Monday, January 12, 2015

Do What You Teach

What good is poetry? For one thing, it’s helped me process the transition I’ve been going through. A couple of months ago I was talking to my daughter about how the preparations for moving were going, and at the end of the conversation, she said, “Have you written a poem about that?” I hadn’t, and wasn’t sure I could at that point, but she proved to be the necessary prod to get me going. Here’s what I came up with:

Forgive me, friend,
if you are dying--
I am only moving.
But it feels like dying to the only adult life I have known
28 years of it
the only school I have ever taught at
the streets I waddled through pregnant
the parks my children played in
the place they met their mates.
Moving was something that I mentally assented to--
someday it would happen to me--
but really it only happened to other people.
Now it is happening to me.
In September, January seemed so far off
it might as well have been Pluto,
or Narnia.
At the end of November, as my house empties and boxes fill,
it takes on weight and texture,
this great change bearing down on me.
I trust there are good things waiting
in that new life,
but I can’t really imagine them.
This one has been good in many ways,
besides being the only one I’ve known.
But as the process of dying to this place 
Goes on, and on--
every day dominated by the logistics, 
the lasts, the boxes, the payment stops, the address changes--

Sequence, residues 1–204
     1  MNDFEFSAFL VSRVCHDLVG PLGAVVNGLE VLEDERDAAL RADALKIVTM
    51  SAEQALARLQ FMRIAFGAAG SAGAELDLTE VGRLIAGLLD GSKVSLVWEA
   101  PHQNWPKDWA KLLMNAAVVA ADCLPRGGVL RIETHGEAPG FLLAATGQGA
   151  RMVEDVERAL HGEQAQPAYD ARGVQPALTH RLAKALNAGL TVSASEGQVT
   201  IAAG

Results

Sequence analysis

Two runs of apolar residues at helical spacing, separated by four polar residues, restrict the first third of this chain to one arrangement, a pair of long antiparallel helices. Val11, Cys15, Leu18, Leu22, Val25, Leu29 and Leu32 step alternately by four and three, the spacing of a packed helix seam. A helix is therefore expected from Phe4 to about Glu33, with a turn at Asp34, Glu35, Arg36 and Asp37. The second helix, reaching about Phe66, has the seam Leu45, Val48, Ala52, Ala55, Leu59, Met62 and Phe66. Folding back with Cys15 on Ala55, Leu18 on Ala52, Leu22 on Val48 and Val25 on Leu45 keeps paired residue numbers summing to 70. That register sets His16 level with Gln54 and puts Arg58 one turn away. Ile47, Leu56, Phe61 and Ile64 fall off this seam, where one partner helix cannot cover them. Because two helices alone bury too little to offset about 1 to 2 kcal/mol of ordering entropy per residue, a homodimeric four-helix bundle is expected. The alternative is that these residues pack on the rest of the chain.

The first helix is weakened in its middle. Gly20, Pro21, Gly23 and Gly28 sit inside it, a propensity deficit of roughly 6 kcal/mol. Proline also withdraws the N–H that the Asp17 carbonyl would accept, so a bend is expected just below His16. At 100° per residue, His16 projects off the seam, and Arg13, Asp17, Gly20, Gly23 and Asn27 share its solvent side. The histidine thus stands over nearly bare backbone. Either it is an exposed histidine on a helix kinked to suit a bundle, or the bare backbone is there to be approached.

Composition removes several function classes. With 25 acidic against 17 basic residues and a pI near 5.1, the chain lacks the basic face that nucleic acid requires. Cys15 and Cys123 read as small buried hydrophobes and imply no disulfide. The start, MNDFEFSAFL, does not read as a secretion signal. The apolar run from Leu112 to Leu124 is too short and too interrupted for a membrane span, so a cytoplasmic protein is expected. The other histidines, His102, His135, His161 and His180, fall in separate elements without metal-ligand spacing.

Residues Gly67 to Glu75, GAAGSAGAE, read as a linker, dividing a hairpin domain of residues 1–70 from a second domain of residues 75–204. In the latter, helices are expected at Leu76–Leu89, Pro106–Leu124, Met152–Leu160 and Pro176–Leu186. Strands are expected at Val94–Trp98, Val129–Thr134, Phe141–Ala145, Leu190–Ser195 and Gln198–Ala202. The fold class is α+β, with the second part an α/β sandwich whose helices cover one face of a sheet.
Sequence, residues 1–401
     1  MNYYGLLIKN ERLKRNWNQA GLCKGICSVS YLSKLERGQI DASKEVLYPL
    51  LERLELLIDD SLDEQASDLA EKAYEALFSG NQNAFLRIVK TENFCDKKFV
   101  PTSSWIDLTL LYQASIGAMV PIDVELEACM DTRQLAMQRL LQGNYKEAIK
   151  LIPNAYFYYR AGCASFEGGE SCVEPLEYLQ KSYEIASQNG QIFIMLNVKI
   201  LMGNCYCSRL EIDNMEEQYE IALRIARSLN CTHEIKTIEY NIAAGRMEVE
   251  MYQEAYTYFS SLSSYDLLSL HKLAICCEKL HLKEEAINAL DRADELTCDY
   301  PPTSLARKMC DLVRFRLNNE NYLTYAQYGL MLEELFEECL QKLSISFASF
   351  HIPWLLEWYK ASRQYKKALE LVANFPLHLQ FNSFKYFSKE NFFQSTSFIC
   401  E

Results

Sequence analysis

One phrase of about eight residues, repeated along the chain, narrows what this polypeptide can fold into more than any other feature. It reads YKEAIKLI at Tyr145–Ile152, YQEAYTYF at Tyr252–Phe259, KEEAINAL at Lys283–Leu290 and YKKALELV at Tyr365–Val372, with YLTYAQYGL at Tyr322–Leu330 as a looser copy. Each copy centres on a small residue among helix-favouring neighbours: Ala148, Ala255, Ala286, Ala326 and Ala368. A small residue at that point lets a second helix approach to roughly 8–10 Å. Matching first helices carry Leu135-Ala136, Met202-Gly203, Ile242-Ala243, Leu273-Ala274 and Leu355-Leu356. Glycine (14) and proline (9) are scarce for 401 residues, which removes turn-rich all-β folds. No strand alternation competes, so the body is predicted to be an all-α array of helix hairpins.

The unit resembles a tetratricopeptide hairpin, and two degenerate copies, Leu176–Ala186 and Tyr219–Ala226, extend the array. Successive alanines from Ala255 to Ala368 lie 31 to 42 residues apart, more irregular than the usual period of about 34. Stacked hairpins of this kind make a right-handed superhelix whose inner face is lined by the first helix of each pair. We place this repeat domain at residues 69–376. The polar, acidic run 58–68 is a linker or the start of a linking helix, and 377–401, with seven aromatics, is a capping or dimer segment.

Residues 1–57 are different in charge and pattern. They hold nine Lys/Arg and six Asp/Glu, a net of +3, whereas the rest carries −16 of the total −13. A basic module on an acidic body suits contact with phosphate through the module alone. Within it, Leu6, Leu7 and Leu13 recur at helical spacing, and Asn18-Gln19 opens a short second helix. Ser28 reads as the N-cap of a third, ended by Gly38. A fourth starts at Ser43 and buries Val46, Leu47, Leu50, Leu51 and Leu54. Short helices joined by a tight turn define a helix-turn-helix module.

I begin to long for the life without goodbyes,
the life of building, not shedding
the life of putting down roots, not pulling them up.
What I really long for is on the other side of true death,
and maybe each little death between now and then
is just a preparation:
anticipation of resurrection.
I am only moving.
Forgive me, friend,
if you are dying.
I am only taking lessons
in resurrection.

What did I learn? Nothing brand new, but reaffirmation:
  • Writing is significant because to articulate a thought is to increase its heft—in the ways it sticks in my mind, making me able to recall and reconsider it, and in the ways it then becomes part of a community discourse.
  • Writers need community. I would write less without those who encourage me to write, read my writing, and respond to it. (And it’s pretty amazing when your own children become part of that community.)
  • Teachers must be practitioners. When reading and writing are things I love and do, it’s so much easier to teach them. I’ve shared my own reading—what I enjoy, what I learn, and what I struggle with. I share my writing, in a way, every time I post a blog. But that’s only one genre of writing. I teach poetry. I write poetry. It’s important to me in several ways. So it’s time to share that slice of my practice as well.

Join my community. 

How are you a practitioner of what you teach? Who is in your community that encourages you, prods you, and responds to you as you practice?

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